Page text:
Need for Speed Most Wanted Hands-On
We test-drive Need for Speed Most Wanted and plow through some unfortunate cop cars.
The Need for Speed franchise had a breakout hit on mobile earlier this year with the excellent Need for Speed Underground 2. With the release of Need for Speed Most Wanted (on current and next-gen consoles) looming large, development for the mobile version is headed into high gear.
In Need for Speed Most Wanted, you're once again stripped of your ride, fame, and dignity when you're beaten by a rival street racer. Fortunately, you once again meet a sexy strumpet who views you as a great fixer-upper and helps to bolster your confidence as you recklessly speed.
Most Wanted's focus is your relationship with the cops. You actually want to court a record of reckless endangerment, driving to endanger, and basically any offense with any permutation of the word "danger" in it. Cops were plentiful in the races we played, but they didn't exactly doggedly pursue us. Instead, they'd set up their vehicles as roadblocks. Incredibly, we were able to plow right through these, sending those Crown Victorias literally flying dozens of feet into the air.
We test-drove a build on the Nokia 6680, which uses a JSR184 chipset to boost the performance of 3D applications. Even still, J2ME is, by nature, a slower medium than BREW. If you played NFSU2 on Verizon's V Cast, you're not going to encounter that level of performance in Most Wanted--at least not on Java handsets.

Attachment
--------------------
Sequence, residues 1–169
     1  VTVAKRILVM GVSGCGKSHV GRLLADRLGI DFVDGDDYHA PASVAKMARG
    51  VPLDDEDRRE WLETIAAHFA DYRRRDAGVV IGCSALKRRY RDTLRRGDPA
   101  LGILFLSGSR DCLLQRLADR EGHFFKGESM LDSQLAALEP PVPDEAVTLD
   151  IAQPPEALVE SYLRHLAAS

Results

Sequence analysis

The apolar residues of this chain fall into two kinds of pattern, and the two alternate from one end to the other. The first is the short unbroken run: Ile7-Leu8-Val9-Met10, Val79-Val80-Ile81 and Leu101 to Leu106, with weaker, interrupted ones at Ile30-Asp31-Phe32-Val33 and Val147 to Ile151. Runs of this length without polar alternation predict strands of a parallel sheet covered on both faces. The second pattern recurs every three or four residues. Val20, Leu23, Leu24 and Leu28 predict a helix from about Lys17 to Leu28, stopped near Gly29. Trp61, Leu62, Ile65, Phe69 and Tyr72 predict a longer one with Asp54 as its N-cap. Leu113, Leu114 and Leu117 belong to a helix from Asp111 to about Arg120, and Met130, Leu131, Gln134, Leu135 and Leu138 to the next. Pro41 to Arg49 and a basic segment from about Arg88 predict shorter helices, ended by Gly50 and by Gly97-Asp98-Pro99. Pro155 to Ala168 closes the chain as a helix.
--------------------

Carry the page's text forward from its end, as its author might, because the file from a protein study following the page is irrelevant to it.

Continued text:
Despite quite a bit of slowdown, the build we played seemed to handle OK. We wove in and out of traffic, plowed right through cop cars (more on this later), and nitro-burned with abandon. It was actually hard to tell when we enabled nitro, because there were no telltale graphical effects, and the game usually choked up at these points, negating any speed boost we would have otherwise witnessed. Hopefully, the frame rate problems we encountered will be fixed before Most Wanted's final release.
Most Wanted will feature eight licensed vehicles, the names of which we aren't at liberty to divulge. As in NFSU2, you'll be able to upgrade these vehicles in a career mode, which comprises 42 individual missions in two distinct locales: an urban environment and a marina.
Apart from the standard circuit races, which take place on closed tracks, there are several game types available. In checkpoint races, players must follow onscreen arrows to the next locale, only to be redirected to the next by another arrow, and so on. Knockout races work as they did in NFSU2: The poor schmuck in last place at the end of each lap is taken out of contention. Finally, there's outrun mode, in which you've got to pass police speed traps while exceeding the speed limit by a respectable margin. This puts the 5-0 in hot pursuit, which is exactly what you want.
Your work in career mode unlocks new cars, options, and race types in a quick race mode, which is designed for shorter, more-casual play sessions. Quick race mode skips the ride building and exposition and just gets to the racing.
The unfinished build of Need for Speed Most Wanted we played wasn't performing as well as we'd like at this point, but it shows promise in its course variety. We'll tell you how Most Wanted shaped up when the game hits retail this fall.
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